For sewists there were two particularly interesting exhibits. The first is a system for making spray-on clothes, and the second is a full length black leather evening dress covered in what must be tens of thousands of sharp pins. They were described as ‘dressmaker pins’ but they’re more the size of macramé pins. Not the sort of thing you could wear on the tube; in fact not the sort of thing you could wear at all, but utterly spectacular.
So it’s not the best exhibition at the V&A I have ever seen, but it’s so eclectic it has something for most people. There were lots of other weird and wonderful things I could mention, including a giant gorilla made from coat-hanger wire and an L-shaped briefcase. There were a lot of people there with their kids. I think it’s worth a look if you’re in the area. I’m still hoping to make it to Postmodernism at some point too.
I’m still procrastinating about cutting out my hoodie dress. So with the project queue piling up again, what better time to acquire yet more fabric?
This is Liberty’s Emilia de Poret fabric.
I’ve been dithering over this since first seeing it when visiting Liberty with Elizabeth and co. This weekend I finally made up my mind to buy it. Good thing I did, because the lady who cut it for me told me there has been a bit of a run on it lately. Apparently people have been coming into the shop and asking for this particular design, so it must have been in a magazine or on TV. Does anyone know where?
The pattern is supposed to resemble glitterballs or microphone heads. But it reminds me more of the Death Star, especially in the grey colourway.
I’m planning to make a wrap dress out of it, but haven’t settled on a pattern. My collection of Burdas is coming into its own here. I’ve only been buying it a year or two and there are five or six possible patterns. Decisions, decisions.
Great excitement the other day as my new Vogue patterns arrived. I managed to restrict myself to four this time: three from the new collection and one older Chado Ralph Rucci design, Vogue 1107. I picked the Rucci because I’ve made two of his other patterns and loved them both. This one’s not quite my style but it looks like an interesting sew.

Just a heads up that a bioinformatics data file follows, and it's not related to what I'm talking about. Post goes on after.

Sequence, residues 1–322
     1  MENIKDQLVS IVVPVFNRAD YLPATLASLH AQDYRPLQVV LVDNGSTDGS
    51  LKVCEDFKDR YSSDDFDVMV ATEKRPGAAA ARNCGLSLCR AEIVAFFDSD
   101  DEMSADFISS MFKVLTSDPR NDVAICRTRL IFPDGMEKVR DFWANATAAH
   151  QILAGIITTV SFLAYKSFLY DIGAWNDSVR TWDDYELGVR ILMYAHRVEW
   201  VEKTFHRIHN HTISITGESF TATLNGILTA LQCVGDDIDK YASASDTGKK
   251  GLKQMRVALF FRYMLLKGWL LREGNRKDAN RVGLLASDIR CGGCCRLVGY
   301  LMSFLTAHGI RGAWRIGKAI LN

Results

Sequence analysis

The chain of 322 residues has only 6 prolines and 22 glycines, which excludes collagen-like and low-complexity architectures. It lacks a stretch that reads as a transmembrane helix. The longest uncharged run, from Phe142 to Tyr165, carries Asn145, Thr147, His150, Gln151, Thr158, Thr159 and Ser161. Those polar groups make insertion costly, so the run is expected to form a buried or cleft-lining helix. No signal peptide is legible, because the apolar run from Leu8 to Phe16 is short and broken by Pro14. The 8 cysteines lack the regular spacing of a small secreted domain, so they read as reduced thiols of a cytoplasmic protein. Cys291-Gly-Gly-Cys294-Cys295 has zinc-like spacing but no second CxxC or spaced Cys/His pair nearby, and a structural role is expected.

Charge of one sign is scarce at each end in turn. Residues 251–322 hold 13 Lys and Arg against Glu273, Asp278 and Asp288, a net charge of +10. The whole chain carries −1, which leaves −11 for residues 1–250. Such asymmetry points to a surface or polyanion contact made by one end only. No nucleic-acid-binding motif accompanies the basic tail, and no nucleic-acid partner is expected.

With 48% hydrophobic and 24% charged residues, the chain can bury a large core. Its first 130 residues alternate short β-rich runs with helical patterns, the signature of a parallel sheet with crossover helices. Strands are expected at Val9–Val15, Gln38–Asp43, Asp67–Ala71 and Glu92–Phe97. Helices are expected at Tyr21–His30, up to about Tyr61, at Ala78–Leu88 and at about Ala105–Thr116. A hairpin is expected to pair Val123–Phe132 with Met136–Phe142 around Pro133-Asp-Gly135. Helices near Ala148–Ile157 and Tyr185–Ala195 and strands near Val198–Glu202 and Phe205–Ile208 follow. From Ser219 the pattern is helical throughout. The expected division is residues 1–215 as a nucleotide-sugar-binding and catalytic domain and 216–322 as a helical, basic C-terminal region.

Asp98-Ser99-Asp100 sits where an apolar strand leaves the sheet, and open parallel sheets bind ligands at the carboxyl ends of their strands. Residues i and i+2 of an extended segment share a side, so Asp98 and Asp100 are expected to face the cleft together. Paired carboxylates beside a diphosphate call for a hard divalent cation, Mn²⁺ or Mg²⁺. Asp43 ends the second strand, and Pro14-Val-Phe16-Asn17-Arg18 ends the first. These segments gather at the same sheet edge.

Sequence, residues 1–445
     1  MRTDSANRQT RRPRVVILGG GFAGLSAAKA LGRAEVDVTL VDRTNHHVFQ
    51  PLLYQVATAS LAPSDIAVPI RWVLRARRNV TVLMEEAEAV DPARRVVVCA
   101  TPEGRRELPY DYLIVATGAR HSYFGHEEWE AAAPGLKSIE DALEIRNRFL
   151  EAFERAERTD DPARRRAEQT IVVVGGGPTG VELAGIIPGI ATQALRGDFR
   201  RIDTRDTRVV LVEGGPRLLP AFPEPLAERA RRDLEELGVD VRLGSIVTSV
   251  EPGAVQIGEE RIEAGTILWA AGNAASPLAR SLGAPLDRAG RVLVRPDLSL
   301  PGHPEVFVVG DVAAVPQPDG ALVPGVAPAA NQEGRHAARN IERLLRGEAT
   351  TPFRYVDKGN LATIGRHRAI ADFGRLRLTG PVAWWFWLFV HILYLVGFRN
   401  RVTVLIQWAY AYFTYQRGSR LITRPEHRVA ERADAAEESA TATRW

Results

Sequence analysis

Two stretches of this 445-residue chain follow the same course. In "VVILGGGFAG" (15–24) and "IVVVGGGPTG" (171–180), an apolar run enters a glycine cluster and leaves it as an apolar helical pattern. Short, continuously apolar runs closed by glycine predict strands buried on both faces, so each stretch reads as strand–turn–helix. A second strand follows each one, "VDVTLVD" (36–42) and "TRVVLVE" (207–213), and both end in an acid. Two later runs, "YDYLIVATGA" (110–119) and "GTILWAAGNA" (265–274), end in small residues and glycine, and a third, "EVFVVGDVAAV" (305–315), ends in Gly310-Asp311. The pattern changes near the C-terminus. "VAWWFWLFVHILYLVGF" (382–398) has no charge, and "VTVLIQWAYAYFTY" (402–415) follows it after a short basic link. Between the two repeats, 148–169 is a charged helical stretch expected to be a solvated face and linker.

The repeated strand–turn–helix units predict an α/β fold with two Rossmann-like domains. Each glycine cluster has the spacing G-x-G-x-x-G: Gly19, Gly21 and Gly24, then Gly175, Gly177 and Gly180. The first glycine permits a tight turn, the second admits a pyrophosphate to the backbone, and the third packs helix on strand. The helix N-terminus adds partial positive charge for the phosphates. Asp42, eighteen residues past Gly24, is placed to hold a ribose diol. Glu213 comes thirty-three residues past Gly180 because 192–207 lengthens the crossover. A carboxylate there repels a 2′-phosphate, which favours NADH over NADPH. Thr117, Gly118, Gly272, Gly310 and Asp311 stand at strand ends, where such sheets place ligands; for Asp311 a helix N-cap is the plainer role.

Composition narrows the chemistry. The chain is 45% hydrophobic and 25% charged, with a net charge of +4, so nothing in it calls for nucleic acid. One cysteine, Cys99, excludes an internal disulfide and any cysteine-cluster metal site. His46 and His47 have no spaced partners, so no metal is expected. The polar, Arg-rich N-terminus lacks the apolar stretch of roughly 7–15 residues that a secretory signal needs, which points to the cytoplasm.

I had a quick look at the instruction sheets when it arrived. Five sheets (just for the English instructions; there’s another page for French). One hundred and seven steps. Some of the steps are teaching you basic macramé to make the belt but they also skip over making bound buttonholes in about two stages. I think this one is going to make Vogue 1073 and Vogue 1239 look like a walk in the park. Each of those took about a month to sew. Maybe I’ll save this one for the Christmas holidays!
Thanks so much for all the lovely comments about Vogue 1073! The weather in the UK has started to get autumnal, so it should be getting some wear pretty soon.
My next project’s got off to a rather unfortunate start. I am going to make a simple hoodie dress based on this pattern.
I had two metres of a really nice doubleknit in my stash. It was green on one side and black on the other, and really soft. I put it in the washing machine. As you will have guessed, it shrunk. But I’ve never seen shrinkage like this. It’s just over half the length it started off at. The width is also greatly reduced. The green side is strangely felted in little patches, and the black side now resembles bouclé. Or possibly solidified lava.
I kind of like the effect on the black side, but there’s not enough fabric left to do a lot with and the shape is very distorted. I might just get a top out of it if I’m careful! All’s well that ends well though. I got a very nice ponte knit from John Lewis to replace it.
I finally got some pictures of my finished Vogue 1073 on me. It’s been a long slog to get here! I hope it wasn’t boring. It was a lot of fun to make but I haven’t talked about anything else for about a month.
The construction of this dress is quite unusual. There are no side seams on the bottom piece so that the pintucks can wrap all the way round uninterrupted. Most of the shaping in the bodice is carefully hidden under the tucks.
This closer back view shows about the only really visible seams – and there are still some darts on the shoulders under those tucks.
The braid gives the hem a lot of body. I imagine it’s a similar effect to finishing a hem with horsehair. I was originally thinking of leaving the braid off because I wasn’t sure it goes with the style of the dress but I’m glad I kept it.
Anyway, one last picture which kind of shows the cuffs. I love all the little details on this dress. And that’s it! Thanks so much to all of you who have been following along and encouraging me with this project. I’m so pleased with the results.